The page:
20

Triangulation from X-ray Pulsars Timing and navigation are inextricably linked. The mechanical clock enabled the first calculation of longitude. GPS navigation depends on comparing arrival times (and thus distances) of different satellite signals. In a FTL future on a galactic scale, ships would want to use a 'GPS' system to determine their location in ...


20

As explained in a comment by the original poster, the assumption is that at some time in the future there will be a break in chronology because people somehow regressed to the stone age or some other reason, and when they become civilized again they will have to search for a method to link their Future Modern Chronology with ours. For example, let's say that ...


20

We already refer to it as the Information Revolution The use of computers has revolutionised not only the way we collect data and how we use it, but how we think and solve problems. I grew up in a time before Google, and actually learned how to break down a problem into constituent elements, look for keywords, then look them up in encyclopedias. This is a ...


18

Sundial Install a large sundial. Plant a species of flowers that will open up in nice flowers only when in shade of that sundial. Sure, it's cheating, but it will be accurate.


18

Trade Even rare trade would have an influence on the way people measure anything. After all, you need to deal with the proverbial pound on one side and kilogram on the other. Traders become experts in conversion and the greatest evangelists of standardized systems. Believe you me, the last thing a trader from Űryk wants to do is arrive on the last day of ...


17

Dates between the years AD 201 and AD 299 in both the Julian and the proleptic Gregorian calendars are the same for the same day. Before 201 Julian dates are a little "later" than the proleptic Gregorian dates for the same day; for a random example 14 August 60 AD Julian is the same as 12 August 60 proleptic Gregorian. After 299 Julian dates are "earlier" ...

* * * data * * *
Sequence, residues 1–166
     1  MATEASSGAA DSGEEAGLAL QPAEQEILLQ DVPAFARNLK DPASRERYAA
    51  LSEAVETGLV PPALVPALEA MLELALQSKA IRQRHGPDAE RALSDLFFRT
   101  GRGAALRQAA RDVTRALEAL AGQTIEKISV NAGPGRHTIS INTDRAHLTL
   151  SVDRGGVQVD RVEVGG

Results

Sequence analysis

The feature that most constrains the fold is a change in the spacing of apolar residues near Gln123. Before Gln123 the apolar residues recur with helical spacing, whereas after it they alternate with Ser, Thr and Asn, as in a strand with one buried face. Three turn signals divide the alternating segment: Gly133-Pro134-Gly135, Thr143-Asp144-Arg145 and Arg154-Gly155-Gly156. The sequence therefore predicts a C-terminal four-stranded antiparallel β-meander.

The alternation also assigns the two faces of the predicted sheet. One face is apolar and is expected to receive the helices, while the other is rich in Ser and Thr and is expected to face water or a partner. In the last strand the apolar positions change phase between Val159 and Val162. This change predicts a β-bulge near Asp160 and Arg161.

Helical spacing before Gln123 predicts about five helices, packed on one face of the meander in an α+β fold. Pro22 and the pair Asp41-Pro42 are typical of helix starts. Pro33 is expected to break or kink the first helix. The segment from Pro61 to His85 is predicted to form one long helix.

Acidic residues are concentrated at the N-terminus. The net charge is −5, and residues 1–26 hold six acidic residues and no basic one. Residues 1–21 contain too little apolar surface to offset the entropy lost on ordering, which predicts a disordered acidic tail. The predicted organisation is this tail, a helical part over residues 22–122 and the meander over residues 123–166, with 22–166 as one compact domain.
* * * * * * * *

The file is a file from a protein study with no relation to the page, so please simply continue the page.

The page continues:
17

I would propose "The day of the burning Sun", or "The day of the dim Sun". Basically, either the perihelion or the apohelion could mark a periodic event defining the end of a year and the start of a new one. Your inhabitants would see the Sun going away and going back peridically, which could hold quite an interesting mythology. The cool thing is, they'll ...


16

Let's pretend the whole universe uses Earth years, days, etc., for the sake of this example. However, any universal system would work for this. Before the ship begins to travel, it decides that your destination is 0.5 light-years away. Next, it decides that you'll be traveling at exactly twice the speed of light. For the sake of simplicity, your ship's ...


16

Does/can the planet have a moon? If it had several small fast moons like Mars, then that's a perfect external reference point. For instance, Phobos has an 8 hour orbit, and Deimos has a 30 hour orbit. So on the 9 year planet one orbit of Moon 1 is one time unit (say an hour), and an orbit of Moon 2 is a Day. Or whatever. It would be a little like the hands ...


16

Draw a timeline. Timelines are very easy to understand. It doesn't have to be complicated, and understanding each others number systems is not required either. This does of course require both Daisuke and Alice to know some history regarding dinosaurs, but that could possibly also be substituted for other alternatives. For someone a bit better at drawing ...